2 Answers | Add Yours
Mercutio unwittingly causes two major things to happen in the play. In Act I, Romeo is feeling a sense of foreboding about going to the Capulet party because he had a bad dream. In the dream, he went to the party which set off a chain of events that led to his death. Because of this feeling of unease, Romeo might have backed out of going to the party if Mercutio hadn't given his Queen Mab speech about how dreams mean nothing more than a failry queen's whispering in a sleeper's ear. By convincing Romeo that dreams are meaningless, Romeo does go to the party, and a chain of events IS set off with he meets Juliet. In Act III, Mercutio is pretty pugnacious and looking for a good fight. When Tybalt comes to challenge Romeo, it is Mercutio who continues to taunt Tybalt even after Romeo refuses to fight. If Mercutio had keep his mouth shut and his sword in its sheath, then Tybalt probably would have walked away, just calling Romeo nasty names over his shoulder. Romeo would not have killed Tybalt if Tybalt had not killed Mercutio. By Mercutio instigating the fight, that also sets off a chain of events that lead to the catastrophic conclusion. Romeo avenges Mercutio's death by killing Tybalt, he gets banished when Benvolio lies for him and claims that Tybalt started the brawl, and he kills himself when the Friar's plan, like "the schemes of mice and men", goes terribly awry.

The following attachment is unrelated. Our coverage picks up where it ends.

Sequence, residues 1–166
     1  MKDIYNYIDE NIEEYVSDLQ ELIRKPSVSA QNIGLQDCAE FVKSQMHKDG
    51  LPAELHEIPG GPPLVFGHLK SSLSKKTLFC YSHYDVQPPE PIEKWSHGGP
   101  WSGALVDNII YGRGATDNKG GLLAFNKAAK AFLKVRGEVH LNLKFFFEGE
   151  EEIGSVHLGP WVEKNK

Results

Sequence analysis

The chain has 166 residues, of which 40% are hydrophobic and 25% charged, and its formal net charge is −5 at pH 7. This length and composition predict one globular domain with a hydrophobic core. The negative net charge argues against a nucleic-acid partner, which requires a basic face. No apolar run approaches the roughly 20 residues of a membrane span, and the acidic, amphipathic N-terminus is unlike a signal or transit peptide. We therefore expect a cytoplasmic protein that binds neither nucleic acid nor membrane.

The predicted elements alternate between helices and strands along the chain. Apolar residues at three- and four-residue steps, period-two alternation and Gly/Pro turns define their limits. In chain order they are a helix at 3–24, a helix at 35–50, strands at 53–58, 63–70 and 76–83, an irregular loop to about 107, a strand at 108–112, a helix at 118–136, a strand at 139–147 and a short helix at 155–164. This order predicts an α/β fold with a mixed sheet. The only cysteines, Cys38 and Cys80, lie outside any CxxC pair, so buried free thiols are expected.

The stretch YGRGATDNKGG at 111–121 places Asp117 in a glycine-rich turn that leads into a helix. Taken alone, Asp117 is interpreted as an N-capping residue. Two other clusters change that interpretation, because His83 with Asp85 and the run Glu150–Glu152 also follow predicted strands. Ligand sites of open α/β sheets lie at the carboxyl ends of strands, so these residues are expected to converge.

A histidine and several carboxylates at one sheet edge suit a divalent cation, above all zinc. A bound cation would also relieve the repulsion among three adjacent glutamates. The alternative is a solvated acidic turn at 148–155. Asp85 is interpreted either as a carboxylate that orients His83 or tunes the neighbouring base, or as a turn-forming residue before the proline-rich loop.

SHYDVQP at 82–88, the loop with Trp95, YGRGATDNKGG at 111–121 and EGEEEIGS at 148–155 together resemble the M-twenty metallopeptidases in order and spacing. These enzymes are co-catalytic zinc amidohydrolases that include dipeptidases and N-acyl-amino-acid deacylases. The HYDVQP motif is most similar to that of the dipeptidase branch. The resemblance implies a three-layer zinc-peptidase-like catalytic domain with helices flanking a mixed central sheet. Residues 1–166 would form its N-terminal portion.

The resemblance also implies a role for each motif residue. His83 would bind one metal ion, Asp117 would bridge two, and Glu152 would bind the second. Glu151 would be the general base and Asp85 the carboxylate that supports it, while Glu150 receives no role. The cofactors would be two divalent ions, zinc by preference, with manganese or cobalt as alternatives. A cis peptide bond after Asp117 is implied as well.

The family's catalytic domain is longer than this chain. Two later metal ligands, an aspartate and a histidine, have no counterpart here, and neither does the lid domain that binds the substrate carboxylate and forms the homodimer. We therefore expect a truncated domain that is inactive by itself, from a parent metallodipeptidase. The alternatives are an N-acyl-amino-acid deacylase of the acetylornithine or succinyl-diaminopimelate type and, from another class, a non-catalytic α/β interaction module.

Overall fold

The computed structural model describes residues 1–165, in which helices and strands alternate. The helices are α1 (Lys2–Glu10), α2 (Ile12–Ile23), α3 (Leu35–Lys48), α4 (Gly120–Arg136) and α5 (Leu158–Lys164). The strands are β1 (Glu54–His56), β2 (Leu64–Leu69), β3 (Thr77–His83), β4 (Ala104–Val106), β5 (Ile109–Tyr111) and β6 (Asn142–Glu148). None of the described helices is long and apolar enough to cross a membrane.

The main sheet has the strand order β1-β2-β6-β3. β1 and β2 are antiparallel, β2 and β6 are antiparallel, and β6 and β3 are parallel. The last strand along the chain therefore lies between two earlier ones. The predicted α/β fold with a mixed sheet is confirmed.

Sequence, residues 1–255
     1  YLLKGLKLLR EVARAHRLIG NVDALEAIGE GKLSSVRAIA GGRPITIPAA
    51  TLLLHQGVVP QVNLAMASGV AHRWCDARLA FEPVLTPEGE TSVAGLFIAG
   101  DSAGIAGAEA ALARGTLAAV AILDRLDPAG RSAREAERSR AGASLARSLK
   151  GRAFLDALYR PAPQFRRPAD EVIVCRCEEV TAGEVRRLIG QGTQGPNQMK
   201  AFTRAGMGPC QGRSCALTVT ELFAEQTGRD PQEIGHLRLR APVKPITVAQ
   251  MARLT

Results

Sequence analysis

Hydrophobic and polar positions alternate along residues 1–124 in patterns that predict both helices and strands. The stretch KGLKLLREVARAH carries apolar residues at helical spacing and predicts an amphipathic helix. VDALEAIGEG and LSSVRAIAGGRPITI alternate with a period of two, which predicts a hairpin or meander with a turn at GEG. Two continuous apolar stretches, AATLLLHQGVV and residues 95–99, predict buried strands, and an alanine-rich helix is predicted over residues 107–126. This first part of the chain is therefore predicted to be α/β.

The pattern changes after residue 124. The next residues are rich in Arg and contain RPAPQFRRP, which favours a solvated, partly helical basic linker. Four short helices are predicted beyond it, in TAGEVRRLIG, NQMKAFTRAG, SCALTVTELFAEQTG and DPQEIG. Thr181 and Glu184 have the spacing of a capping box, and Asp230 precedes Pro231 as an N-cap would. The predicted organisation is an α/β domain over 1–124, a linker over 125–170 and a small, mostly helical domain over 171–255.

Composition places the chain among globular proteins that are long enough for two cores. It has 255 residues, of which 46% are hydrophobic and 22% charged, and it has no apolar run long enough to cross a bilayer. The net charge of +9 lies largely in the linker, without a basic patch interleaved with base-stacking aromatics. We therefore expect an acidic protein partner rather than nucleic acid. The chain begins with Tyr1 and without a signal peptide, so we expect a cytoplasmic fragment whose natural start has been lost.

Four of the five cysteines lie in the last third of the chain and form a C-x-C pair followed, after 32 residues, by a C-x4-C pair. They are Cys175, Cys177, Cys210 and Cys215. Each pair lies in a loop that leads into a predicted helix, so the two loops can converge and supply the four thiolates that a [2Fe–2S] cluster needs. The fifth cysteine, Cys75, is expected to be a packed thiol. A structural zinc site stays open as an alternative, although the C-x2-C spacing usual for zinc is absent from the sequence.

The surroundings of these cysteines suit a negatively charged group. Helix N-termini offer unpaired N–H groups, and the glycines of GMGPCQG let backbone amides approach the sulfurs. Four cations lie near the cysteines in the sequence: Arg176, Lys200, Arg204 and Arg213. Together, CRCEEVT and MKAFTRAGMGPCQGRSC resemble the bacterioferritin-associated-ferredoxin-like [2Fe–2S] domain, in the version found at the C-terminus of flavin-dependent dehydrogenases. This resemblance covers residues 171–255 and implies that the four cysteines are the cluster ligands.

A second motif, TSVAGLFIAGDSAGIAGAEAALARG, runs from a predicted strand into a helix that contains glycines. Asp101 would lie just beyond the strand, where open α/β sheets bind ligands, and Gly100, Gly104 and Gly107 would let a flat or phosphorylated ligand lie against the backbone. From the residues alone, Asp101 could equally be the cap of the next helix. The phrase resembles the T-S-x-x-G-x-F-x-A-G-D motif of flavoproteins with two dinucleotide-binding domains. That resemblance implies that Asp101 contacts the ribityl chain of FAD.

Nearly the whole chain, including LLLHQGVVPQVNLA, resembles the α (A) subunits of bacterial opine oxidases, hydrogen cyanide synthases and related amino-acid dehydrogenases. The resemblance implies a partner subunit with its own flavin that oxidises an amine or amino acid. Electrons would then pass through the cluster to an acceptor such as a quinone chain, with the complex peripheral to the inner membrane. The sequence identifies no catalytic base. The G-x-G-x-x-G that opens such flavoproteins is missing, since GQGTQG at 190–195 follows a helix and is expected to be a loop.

Mercutio is a significant character in Romeo & Juliet as he is possably the most GAY person in any play of that time!
It is also so obvious that Mercutio is gay as he loves Tybalt, but Tybalt and Romeo are having an affer, this causes his dying words to be 'a plague on both your houses' as he damns them forever!
We’ve answered 319,184 questions. We can answer yours, too.Ask a question